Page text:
image file: c7sc02691a-u7.tif


Table 7 Specific-ion series exhibited in the normalised electrostrictive volume of electrolytes, N%: cations arranged by a common aniona
a For each anion, the cations are listed from largest (top) to smallest (bottom) normalised electrostrictive volume. The cell background is coloured as indicated in the legend if that order of ions corresponds to a known specific-ion effects series.image file: c7sc02691a-u10.tif
image file: c7sc02691a-u9.tif


Significantly for the cations shown in Table 7: the reverse lyotropic series is preponderant, as it was for the standard partial molar volumes (Table 2). The most variability in behaviour across solvents is observed for polyatomic ions, for which the Hofmeister series and reverse Hofmeister series are observed and an altogether new series occurs as well. Polyatomic ions have permanent multipole moments due to the aspherical distribution of charge, therefore it is unsurprising that electrostriction does not follow the same series evident for the monoatomic anions. If the polyatomic anions are set aside, the reverse lyotropic series is nearly universal. This is a dramatic change from the prenormalised electrostrictive volumes summarised in Table 5. The preponderance of the reverse lyotropic series produced from the normalised electrostrictive volumes for cations across a wide range of solvents is in accordance with the domination of the reversed lyotropic series for anions derived from the standard molar volumes, adding weight to the argument that the cations fundamentally give rise to a reversed lyotropic series independent of the solvent.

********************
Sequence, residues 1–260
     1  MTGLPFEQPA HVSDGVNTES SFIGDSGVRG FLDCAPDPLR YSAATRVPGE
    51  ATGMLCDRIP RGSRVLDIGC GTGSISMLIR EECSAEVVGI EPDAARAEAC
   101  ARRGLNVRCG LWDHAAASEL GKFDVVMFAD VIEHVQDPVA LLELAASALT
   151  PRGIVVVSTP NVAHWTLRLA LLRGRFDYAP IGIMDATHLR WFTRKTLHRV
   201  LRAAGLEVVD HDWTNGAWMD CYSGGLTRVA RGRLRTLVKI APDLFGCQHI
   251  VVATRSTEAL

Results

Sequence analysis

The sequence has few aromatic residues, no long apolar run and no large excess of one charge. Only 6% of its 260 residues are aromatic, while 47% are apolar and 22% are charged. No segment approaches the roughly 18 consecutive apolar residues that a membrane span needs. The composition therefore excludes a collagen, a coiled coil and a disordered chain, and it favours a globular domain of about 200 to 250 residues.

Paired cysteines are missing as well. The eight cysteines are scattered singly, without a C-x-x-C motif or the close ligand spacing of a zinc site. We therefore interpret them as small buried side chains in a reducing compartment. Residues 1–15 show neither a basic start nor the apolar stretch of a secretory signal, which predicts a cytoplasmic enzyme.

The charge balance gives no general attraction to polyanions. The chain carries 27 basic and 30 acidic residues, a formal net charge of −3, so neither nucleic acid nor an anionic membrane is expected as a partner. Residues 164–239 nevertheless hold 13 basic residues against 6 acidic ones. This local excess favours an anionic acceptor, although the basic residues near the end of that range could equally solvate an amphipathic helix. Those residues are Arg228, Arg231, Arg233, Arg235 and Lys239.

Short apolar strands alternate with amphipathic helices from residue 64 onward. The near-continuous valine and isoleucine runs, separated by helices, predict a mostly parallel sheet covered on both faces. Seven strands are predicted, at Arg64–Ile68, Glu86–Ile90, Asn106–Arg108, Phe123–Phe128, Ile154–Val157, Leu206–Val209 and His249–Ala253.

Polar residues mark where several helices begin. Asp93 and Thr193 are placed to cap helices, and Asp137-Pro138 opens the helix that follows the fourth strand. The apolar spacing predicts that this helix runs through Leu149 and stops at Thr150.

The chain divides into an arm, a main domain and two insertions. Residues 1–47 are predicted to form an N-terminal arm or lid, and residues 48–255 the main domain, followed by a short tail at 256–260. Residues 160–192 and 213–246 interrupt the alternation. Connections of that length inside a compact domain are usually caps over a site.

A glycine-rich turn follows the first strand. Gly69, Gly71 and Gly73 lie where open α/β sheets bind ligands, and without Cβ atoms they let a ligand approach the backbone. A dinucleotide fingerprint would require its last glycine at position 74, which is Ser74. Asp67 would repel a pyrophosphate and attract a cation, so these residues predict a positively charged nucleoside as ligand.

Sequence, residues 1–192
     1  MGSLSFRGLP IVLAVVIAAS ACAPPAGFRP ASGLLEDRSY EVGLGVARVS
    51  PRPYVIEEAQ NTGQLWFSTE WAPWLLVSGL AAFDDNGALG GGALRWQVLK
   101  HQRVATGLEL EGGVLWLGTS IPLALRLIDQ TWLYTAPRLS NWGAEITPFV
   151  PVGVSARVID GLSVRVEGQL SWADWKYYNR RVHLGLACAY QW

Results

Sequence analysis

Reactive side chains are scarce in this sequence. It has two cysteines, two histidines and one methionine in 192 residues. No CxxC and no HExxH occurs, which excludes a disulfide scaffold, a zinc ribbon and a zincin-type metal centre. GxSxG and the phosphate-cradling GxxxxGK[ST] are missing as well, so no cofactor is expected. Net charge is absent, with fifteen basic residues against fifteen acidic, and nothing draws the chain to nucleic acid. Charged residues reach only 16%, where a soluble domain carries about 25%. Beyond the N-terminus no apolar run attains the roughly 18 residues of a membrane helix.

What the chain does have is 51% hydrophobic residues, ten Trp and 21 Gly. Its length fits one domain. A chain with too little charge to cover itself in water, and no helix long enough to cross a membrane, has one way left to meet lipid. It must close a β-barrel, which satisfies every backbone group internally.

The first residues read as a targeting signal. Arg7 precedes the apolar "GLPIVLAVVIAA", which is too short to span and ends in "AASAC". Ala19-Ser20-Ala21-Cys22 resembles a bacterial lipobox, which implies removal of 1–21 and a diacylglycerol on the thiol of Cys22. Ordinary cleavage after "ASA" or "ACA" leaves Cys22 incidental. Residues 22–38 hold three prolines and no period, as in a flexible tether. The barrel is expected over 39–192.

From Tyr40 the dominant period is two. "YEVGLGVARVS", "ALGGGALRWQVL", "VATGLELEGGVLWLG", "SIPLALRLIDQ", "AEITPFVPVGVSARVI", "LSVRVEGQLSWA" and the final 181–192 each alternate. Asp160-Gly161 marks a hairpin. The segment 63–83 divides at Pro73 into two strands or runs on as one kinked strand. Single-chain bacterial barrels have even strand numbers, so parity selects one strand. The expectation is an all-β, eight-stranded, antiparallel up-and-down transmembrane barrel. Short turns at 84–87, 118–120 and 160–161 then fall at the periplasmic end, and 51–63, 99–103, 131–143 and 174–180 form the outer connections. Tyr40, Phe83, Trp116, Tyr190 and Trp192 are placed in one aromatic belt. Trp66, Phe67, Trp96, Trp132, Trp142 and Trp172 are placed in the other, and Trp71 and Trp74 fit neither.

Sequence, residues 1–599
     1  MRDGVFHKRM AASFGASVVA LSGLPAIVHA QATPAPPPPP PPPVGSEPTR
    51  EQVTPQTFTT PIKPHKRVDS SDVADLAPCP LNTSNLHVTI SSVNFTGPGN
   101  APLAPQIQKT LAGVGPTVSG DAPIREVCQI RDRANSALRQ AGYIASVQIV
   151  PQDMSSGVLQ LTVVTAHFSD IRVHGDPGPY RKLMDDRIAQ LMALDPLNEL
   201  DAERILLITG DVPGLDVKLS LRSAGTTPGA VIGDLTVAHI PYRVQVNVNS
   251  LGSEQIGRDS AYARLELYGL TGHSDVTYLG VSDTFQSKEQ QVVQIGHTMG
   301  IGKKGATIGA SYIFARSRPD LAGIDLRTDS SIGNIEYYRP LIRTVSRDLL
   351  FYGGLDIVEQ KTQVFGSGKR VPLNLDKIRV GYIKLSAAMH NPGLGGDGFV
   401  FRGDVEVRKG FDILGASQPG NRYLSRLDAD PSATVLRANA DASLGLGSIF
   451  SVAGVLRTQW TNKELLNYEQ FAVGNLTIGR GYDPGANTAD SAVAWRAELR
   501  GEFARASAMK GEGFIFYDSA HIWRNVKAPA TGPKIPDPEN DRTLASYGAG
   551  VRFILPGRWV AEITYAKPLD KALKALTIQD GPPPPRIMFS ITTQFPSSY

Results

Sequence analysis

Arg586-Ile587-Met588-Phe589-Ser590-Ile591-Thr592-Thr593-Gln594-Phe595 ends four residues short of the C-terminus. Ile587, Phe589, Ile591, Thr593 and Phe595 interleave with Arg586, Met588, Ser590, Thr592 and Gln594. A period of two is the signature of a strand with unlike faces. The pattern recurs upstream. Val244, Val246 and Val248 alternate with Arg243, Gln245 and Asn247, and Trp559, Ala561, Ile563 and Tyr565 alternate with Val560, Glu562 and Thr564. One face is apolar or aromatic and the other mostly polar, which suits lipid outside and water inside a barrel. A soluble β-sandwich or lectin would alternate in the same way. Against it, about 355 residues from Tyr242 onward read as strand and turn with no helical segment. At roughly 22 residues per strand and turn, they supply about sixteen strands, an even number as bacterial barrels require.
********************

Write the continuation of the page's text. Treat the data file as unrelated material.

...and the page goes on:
4.4 General implications

From this work we can draw a number of conclusions regarding specific-ion effects.

We find that the ordering of specific-ion effects for the standard molar volumes and the normalised electrostriction of electrolytes at infinite dilution is independent of the solvent. This ordering follows a Hofmeister series for anions and a reversed lyotropic series for cations, which correspond to smaller “harder” cations and anions having a smaller intrinsic volume [V with combining macron][circle, cut, short horiz bar]i and causing a larger normalised electrostriction N% than large, “soft” cations and anions. As a consequence, the grouping usually associated with the Hofmeister series is respected for anions. That is the “structure makers” or “kosmotropes” which are ions small in size and with high surface charge density and small polarisability give rise to the largest electrostriction. This does not hold for the cations, where the Hofmeister series ordering is lost and an ordering that follows the reverse lyotropic series which is determined by the cation size is instead in place.